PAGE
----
It is likely that the government of South Africa will press on with its plans to consolidate non-interest expenditure (spend on everything but debt) by an annual real average rate of 5.2 percent, as announced in February.

Cuts to the budget entail a fall in spending per person and leads to real reductions in health, learning and culture, and general public services. The president recently indicated that any new emergency relief measures would be provisioned within the existing budget limits. Given the pressing social needs, enormously exacerbated by Covid-19 and now the violent protests, this is deeply irresponsible.

Dealing with Root Causes 

The South African government has largely gone from crisis to crisis without fundamentally dealing with the political and economic root causes of the crises themselves.

The political party factionalism within the ruling African National Congress needs to be resolved decisively. The factionalism is a liability to the nation. This must be coupled with a recommitment to the 1955 Freedom Charter and the Constitution of South Africa, which foresee a fairer economic dispensation as a critical component of political liberation.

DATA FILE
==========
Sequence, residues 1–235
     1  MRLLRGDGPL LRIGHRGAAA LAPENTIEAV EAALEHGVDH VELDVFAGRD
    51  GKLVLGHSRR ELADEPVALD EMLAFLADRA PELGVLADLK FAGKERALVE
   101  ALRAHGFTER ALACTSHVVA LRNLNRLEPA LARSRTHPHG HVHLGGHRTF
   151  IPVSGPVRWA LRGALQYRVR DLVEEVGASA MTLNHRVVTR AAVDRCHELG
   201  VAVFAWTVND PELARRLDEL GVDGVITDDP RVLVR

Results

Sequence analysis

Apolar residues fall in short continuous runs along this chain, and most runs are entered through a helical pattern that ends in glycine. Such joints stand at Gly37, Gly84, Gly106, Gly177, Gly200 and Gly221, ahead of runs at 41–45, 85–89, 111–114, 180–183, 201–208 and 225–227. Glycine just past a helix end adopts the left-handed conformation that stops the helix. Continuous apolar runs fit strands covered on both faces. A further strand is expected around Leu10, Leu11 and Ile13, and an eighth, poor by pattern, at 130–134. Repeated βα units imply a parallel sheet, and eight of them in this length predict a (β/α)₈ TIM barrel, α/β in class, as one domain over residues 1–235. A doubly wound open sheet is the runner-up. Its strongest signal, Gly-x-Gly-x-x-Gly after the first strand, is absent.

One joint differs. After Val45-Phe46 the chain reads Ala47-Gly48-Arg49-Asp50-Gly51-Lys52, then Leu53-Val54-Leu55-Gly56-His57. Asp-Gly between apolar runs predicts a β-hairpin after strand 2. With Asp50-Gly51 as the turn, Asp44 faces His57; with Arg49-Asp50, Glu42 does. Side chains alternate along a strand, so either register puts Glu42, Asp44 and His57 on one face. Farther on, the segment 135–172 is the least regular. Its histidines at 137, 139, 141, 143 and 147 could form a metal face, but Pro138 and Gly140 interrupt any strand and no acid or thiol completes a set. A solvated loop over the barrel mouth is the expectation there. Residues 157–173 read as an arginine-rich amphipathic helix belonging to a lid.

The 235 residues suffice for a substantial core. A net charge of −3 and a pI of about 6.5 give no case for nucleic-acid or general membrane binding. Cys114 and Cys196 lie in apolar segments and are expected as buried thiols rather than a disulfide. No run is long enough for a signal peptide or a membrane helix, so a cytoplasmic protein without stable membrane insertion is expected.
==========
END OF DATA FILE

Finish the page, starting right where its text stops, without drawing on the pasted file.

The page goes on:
In the immediate term the South African government needs to protect livelihoods and sustain the economy. Previously terminated relief measures to support business, workers and households must be renewed and adapted to respond to the Covid-19 crisis as well as the current crisis the country faces.

Such measures are not possible with the current austerity agenda that has been adopted. The austerity course must be abandoned and socio-economic rights prioritized. This approach must be coupled with meaningful economic transformation that serves the majority. For all we have now, is not even a shadow of political liberation.

Busi Sibeko is an economist at the Institute for Economic Justice (IEJ) in Johannesburg. She researches macroeconomic policy.

This article is from International Politics and Society.

The views expressed are solely those of the author and may or may not reflect those of Consortium News.